Facebook eyes millimeter-wave wireless to power free internet

Zuckerberg's company is researching the same tech used by Starry.

AP Photo/Jeff Chiu

Despite a major setback in India, Facebook is still working on expanding its Free Basics service (part of for developing nations. The company told the Verge that it's researching wireless networks that use extremely high-frequency millimeter-wave bands. It applied for at least two patents on the tech, which is similar to that proposed by Starry, the company led by fomer Aereo CEO Chet Kanojia. "This work is part of the Connectivity Lab which supports the mission of -- to connect the four billion people who don't have Internet access," a representative said.

Millimeter-wave wireless operates in the 30 to 300GHz spectrum, a frequency also being tested by operators for proposed 5G cellular networks. It's generally set up as a "mesh" network, where signals are bounced between strategically placed antennas. Such signals generally don't go through walls or other obstacles, so a direct line of sight is required. Kanojia recently told Engadget that Starry plans to use it to deliver gigabit-speed connections with unlimited caps.

Along with its research into millimeter-wave networks, Facebook's Connectivity Lab is looking at ways to provide internet via satellite and other means. However, the company's Free Basics service, which gives users access to Facebook and a few other sites (but not the rest of internet), has stumbled. Many think that it violates net neutrality principals and could harm other projects to provide free internet to poor regions. Google, for instance, has Project Loon, which uses high-altitude balloons to distribute wireless internet over a wide swath, with no content restrictions.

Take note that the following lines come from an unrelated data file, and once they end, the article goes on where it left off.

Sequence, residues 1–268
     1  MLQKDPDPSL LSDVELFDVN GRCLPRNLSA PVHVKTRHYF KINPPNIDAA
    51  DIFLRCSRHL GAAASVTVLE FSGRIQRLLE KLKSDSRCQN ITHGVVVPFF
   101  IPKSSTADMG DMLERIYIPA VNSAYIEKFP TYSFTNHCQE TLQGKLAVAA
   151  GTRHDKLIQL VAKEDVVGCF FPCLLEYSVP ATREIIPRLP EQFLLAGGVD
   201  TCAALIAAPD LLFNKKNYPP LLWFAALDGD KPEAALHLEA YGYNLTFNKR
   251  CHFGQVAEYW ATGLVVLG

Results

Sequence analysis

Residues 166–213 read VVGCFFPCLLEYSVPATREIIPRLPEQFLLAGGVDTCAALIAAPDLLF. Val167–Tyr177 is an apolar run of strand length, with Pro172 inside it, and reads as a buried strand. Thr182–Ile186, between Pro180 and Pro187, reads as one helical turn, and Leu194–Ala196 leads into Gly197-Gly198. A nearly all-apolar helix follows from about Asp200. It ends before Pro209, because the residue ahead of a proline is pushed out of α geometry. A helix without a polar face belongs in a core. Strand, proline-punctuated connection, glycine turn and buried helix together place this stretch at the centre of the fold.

Facebook's patent applications detail how networks could be built efficiently using millimeter-wave systems, but there's no guarantee that they'll be granted by the USPTO. Quite a few players are researching the tech, including cellular network operators, Starry and now Facebook. That means that the US Patent Office, not the FCC, may end up picking the winners and losers.